Ever wonder about the negative implications of considering some students “model minorities?” Or the different teaching strategies required for Fluent-English Proficient and Limited English-Proficient students? The Asian American Educational Experience: A Source Book for Teachers and Students answers these and other important questions by bringing together some of the finest writers and articles addressing the educational needs of Asian Americans. Edited by Don T. Nakanishi and Tina Yamano Nishida (Routledge: New York and London, 1995), the book’s previously published articles remain relevant and full of insights for teachers, administrators, and anyone else interested in this diverse and rapidly-growing community.
The historical treatment of Asian Americans in American schools and the widespread but negative “model minority myth” are addressed in the first two sections of this book. Elementary, secondary, and higher education issues such as bilingual education, student admissions, and faculty tenure then are addressed through research studies and commentaries. In short, every educator should have a copy of this book, and should use its extensive annotated bibliography as a starting place for further research on the needs and concerns of Asian American students in the local community.
The following are some of the 209, resources listed in the bibliography that I found the most useful.
Lai, Him Mark, bibliographer, edited by Jean Pang Yip and Russell Leong. A History Reclaimed: An Annotated Bibliography of Chinese Language Materials on the Chinese of America, Los Angeles: Asian American Studies Center, University of California, Los Angeles, 1986. Annotations from over 1500 works (including archival collections) classified under selected categories. The core of the bibliography focuses on the Chinese in the United States; however, it also includes works on the overseas Chinese.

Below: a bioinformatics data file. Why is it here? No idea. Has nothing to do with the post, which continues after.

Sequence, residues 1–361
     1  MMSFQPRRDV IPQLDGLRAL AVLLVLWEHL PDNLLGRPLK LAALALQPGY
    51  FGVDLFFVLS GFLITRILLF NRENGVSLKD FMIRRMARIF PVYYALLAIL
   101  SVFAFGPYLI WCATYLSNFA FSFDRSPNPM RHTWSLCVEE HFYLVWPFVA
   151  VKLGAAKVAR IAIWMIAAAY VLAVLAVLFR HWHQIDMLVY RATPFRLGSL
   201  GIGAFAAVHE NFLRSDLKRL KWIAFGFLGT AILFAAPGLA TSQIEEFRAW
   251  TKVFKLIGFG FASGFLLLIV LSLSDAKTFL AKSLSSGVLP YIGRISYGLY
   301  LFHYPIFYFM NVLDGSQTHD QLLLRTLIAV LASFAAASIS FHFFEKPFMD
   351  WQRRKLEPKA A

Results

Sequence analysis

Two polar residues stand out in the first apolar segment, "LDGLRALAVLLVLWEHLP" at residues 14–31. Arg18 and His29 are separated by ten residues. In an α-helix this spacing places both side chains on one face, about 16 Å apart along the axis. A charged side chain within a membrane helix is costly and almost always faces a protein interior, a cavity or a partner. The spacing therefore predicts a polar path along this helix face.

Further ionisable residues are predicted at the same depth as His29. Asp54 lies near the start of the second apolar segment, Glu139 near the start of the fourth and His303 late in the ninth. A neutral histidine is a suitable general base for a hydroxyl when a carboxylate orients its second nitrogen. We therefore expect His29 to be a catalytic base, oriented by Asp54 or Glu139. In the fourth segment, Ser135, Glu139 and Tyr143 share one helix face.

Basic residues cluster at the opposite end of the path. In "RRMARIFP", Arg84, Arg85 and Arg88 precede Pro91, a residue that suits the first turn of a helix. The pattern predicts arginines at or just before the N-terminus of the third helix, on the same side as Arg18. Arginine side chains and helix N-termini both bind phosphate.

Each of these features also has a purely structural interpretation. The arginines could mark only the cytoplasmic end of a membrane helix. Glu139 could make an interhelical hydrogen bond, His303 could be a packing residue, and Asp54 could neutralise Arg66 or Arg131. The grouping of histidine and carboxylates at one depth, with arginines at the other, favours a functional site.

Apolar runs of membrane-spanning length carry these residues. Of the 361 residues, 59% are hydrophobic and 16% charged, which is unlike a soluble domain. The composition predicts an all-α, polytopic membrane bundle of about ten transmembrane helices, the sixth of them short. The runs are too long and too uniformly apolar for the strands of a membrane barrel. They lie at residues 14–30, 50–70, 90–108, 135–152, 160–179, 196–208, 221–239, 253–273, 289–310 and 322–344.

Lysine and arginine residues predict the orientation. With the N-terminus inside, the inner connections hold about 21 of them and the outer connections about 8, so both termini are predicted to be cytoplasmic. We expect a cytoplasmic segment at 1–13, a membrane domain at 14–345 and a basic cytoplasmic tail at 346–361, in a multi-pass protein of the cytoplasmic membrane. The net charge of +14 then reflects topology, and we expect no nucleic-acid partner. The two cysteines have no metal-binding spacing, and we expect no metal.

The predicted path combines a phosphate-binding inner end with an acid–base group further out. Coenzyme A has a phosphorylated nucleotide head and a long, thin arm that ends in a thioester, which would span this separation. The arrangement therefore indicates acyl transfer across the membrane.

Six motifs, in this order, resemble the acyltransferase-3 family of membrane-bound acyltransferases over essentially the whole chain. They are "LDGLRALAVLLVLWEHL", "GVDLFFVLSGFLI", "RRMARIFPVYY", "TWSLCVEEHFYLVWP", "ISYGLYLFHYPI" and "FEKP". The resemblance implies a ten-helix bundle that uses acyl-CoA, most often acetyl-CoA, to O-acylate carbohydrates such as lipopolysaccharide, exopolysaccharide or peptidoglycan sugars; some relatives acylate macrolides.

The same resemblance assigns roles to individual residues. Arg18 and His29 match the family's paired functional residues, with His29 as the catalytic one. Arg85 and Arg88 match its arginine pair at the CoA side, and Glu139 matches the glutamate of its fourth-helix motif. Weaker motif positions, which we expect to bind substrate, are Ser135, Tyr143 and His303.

Wang, Ling-Chi. “Lauv. Nichols: History of a Struggle for Equal and Quality Education,” in Counterpoint by Emma Gee, et al. (eds.) Los Angeles: Regents of the University of California and the UCLA Asian American Studies Center (1976): 240-59.
Provides a brief historical overview of the issues leading to the Supreme Court victory and the important contributions toward recognizing the rights of non-English-speaking Americans. Includes insight to the struggle of the Chinese American students and their parents in San Francisco, and the importance of fighting for equal and quality education.
ACADEMIC ACHIEVEMENT AND THE MODEL MINORITY DEBATE
Hurh, Won Moo, and Kwang Chung Kim. “The ‘Success’ Image of Asian Americans: Its Validity and Its Practical and Theoretical Implications,” Ethnic and Racial Studies 12:4 (October 1989): 512-38. Presents historical data to analyze the success stereotype of Asian Americans. Examines how the model minority image affects Asian Americans, other minorities, and majority Americans. Practical and theoretical implications are provided.